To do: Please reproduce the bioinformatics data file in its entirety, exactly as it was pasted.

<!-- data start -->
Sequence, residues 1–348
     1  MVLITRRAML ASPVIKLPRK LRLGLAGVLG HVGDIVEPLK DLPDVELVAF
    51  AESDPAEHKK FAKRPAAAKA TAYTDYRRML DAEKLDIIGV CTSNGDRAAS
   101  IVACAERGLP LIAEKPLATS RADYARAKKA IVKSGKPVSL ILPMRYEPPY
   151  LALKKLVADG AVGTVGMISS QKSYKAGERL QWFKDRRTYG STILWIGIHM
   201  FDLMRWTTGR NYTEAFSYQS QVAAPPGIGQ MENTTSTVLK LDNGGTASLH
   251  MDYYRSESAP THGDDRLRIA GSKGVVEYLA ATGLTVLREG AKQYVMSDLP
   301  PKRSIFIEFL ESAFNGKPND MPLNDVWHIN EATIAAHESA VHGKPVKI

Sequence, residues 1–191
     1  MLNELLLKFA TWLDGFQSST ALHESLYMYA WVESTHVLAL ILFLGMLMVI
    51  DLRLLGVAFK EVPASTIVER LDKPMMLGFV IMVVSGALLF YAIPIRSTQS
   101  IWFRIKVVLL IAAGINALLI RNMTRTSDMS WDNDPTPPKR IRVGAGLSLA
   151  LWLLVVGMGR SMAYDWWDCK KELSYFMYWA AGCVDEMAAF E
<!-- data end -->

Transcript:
Sequence, residues 1–348
     1  MVLITRRAML ASPVIKLPRK LRLGLAGVLG HVGDIVEPLK DLPDVELVAF
    51  AESDPAEHKK FAKRPAAAKA TAYTDYRRML DAEKLDIIGV CTSNGDRAAS
   101  IVACAERGLP LIAEKPLATS RADYARAKKA IVKSGKPVSL ILPMRYEPPY
   151  LALKKLVADG AVGTVGMISS QKSYKAGERL QWFKDRRTYG STILWIGIHM
   201  FDLMRWTTGR NYTEAFSYQS QVAAPPGIGQ MENTTSTVLK LDNGGTASLH
   251  MDYYRSESAP THGDDRLRIA GSKGVVEYLA ATGLTVLREG AKQYVMSDLP
   301  PKRSIFIEFL ESAFNGKPND MPLNDVWHIN EATIAAHESA VHGKPVKI

Sequence, residues 1–191
     1  MLNELLLKFA TWLDGFQSST ALHESLYMYA WVESTHVLAL ILFLGMLMVI
    51  DLRLLGVAFK EVPASTIVER LDKPMMLGFV IMVVSGALLF YAIPIRSTQS
   101  IWFRIKVVLL IAAGINALLI RNMTRTSDMS WDNDPTPPKR IRVGAGLSLA
   151  LWLLVVGMGR SMAYDWWDCK KELSYFMYWA AGCVDEMAAF E